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Getting closer.  New steering balls in process, and then the rest goes back together.  Its not like we are trying to be on the road for the Memorial day parade but looking forward to seeing the difference.  The front end, brakes, & suspension were all pretty tired.

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In an effort to better organise parts I was given parts of a 10x12 tube shed but no covering so dragged things out and sorted them.

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There was enough to make it a 10x10 and will need to buy a cover yet. This will be a temporary setup till I find enough funds for the garage extension but will help with much needed space. Sealed up properly and secured to the pad it could be a painting room for small parts.

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4 hours ago, Steve_Mack_CT said:

Getting closer.  New steering balls in process, and then the rest goes back together.  Its not like we are trying to be on the road for the Memorial day parade but looking forward to seeing the difference.  The front end, brakes, & suspension were all pretty tired.

 


I did the same for my Model T and noticed a big difference in ride and steering. Good to see you are doing it the right way.

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1 hour ago, Jeff Perkins / Mn said:


I did the same for my Model T and noticed a big difference in ride and steering. Good to see you are doing it the right way.

Thanks Jeff, I figure it should be done every 90 years whether it needs it or not. 😁😁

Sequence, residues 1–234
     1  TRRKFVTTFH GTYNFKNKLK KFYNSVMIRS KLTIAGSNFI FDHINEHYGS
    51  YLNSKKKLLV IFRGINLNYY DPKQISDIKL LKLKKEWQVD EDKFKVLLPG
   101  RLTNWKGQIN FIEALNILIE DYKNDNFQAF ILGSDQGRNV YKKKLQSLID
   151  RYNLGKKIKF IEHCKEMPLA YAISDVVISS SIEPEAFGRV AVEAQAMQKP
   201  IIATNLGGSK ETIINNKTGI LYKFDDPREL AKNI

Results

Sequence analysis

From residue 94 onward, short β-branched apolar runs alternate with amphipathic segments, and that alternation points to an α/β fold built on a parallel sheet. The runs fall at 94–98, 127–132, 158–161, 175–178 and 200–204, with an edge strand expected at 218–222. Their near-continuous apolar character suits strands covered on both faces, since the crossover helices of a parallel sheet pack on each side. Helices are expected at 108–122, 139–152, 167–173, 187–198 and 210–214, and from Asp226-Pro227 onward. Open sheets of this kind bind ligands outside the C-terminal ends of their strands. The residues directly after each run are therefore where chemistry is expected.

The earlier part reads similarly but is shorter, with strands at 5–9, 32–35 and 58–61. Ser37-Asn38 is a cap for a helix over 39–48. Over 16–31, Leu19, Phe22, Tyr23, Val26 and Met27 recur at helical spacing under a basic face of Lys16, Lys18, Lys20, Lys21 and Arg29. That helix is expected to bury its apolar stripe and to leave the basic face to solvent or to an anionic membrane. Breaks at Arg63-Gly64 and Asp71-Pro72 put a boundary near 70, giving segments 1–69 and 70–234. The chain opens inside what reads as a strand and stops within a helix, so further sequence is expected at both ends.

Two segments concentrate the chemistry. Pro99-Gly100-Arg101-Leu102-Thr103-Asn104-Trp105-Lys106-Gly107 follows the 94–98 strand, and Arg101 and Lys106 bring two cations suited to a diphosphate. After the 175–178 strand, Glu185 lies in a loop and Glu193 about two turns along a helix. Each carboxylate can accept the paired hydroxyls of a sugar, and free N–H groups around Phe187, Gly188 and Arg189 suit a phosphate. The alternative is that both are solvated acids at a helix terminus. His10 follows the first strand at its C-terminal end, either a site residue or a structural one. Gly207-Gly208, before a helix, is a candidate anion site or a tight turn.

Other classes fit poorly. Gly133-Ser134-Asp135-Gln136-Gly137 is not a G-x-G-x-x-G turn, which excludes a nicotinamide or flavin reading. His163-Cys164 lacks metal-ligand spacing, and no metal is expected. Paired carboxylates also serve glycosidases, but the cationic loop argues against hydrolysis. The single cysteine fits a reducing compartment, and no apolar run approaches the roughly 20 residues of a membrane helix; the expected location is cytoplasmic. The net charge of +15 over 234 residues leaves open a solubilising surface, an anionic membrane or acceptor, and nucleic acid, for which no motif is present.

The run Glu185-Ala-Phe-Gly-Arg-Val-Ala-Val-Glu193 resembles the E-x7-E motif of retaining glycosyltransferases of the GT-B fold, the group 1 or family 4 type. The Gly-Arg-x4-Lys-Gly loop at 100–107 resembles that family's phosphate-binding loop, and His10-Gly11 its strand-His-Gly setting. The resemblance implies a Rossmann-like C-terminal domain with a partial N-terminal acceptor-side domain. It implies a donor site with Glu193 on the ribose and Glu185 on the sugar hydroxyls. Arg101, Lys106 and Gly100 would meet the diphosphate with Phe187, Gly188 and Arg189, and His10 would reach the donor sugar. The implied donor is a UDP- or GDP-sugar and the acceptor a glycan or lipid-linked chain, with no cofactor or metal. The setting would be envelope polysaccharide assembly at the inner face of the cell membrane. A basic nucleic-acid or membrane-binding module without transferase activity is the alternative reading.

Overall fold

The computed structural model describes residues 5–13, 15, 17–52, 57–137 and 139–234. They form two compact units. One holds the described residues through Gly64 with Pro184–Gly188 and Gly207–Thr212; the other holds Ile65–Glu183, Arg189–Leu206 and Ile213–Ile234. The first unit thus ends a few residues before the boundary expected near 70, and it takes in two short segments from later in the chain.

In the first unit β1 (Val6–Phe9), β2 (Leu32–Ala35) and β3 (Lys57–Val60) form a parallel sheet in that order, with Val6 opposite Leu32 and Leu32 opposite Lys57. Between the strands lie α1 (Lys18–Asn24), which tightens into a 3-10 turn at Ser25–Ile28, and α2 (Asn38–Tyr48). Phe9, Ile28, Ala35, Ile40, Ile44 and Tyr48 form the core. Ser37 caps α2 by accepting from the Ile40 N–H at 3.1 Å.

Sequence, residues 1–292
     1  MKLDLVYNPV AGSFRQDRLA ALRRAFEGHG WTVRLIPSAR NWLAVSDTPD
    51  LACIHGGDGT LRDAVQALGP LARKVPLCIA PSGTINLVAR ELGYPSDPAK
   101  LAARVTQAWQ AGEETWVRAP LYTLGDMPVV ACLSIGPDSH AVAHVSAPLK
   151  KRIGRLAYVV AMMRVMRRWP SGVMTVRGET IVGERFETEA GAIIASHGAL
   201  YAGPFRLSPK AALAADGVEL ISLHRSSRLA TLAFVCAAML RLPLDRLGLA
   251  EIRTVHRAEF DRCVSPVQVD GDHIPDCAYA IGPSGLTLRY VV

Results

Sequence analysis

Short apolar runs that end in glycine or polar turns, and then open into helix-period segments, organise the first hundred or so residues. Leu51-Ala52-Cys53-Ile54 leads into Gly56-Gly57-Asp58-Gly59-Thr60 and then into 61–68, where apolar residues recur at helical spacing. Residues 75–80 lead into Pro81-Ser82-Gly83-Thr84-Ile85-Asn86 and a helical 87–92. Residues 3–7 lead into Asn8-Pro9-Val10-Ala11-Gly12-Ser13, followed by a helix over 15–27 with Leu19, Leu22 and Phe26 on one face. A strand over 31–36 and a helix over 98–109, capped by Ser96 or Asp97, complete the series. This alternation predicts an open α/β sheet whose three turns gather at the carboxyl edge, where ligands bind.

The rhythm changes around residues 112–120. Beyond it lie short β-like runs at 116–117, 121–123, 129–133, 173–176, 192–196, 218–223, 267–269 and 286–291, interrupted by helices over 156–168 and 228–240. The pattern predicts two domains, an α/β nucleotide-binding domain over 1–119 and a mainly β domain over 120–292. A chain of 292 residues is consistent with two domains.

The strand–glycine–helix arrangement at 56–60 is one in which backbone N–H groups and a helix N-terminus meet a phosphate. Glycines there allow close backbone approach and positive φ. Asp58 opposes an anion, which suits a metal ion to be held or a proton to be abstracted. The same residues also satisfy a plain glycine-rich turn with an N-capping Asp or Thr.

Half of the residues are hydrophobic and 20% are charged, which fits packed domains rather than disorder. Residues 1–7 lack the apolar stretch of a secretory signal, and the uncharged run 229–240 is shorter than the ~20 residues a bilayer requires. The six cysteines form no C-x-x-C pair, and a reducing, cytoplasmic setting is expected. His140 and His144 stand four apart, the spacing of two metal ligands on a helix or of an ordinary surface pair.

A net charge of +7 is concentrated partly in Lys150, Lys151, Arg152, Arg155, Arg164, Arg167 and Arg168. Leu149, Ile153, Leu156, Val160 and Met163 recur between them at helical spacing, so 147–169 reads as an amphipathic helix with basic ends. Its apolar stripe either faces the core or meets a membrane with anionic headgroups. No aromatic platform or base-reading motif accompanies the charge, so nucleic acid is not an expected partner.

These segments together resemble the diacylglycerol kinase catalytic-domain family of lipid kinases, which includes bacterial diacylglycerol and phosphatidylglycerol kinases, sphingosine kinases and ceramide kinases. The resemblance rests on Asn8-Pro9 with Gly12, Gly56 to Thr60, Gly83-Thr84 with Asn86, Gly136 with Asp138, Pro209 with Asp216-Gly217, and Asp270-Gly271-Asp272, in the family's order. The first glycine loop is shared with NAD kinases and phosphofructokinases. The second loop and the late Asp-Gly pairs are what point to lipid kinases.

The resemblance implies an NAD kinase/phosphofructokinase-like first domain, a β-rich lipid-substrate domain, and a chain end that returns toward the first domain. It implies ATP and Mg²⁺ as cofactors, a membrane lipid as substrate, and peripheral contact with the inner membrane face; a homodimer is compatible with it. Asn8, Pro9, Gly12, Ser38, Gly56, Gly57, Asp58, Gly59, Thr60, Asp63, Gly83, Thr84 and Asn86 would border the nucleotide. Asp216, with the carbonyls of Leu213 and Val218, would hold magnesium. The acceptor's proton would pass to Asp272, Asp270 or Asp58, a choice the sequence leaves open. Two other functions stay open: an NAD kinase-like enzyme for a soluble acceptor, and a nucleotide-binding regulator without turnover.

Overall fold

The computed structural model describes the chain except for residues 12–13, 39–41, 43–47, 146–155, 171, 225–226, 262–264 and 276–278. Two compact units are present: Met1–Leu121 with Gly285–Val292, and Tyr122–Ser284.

Edited by Steve_Mack_CT (see edit history)
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So I finally got the Coop mostly finished up.  I pulled it out of the big shop to finish a couple things then moved it probably over 400 feet over some not so even terrain to where it's set for now. I think it's about the max I would want to move with my tractor. The 1 inch plank floor and roof as well as full dimension rafters all added some extra probably unnecessary weight.   I might move it again if the wife and I decide it's just not working where it is. 

Here are a couple of shots.  Built it with pretty much all scrap lumber from the shop/ Shed project.  The wife thinks I went a bit overboard. 

Now the snow storm knocked down some trees so I have to clean those up.  A day or two cleaning out the swamp for the ducks and maybe I can finally get to work on my cars again. 

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Randy, your wife tells me that’s your new living quarters if you buy another ACD car. Looks good. The ducks are going to live in style!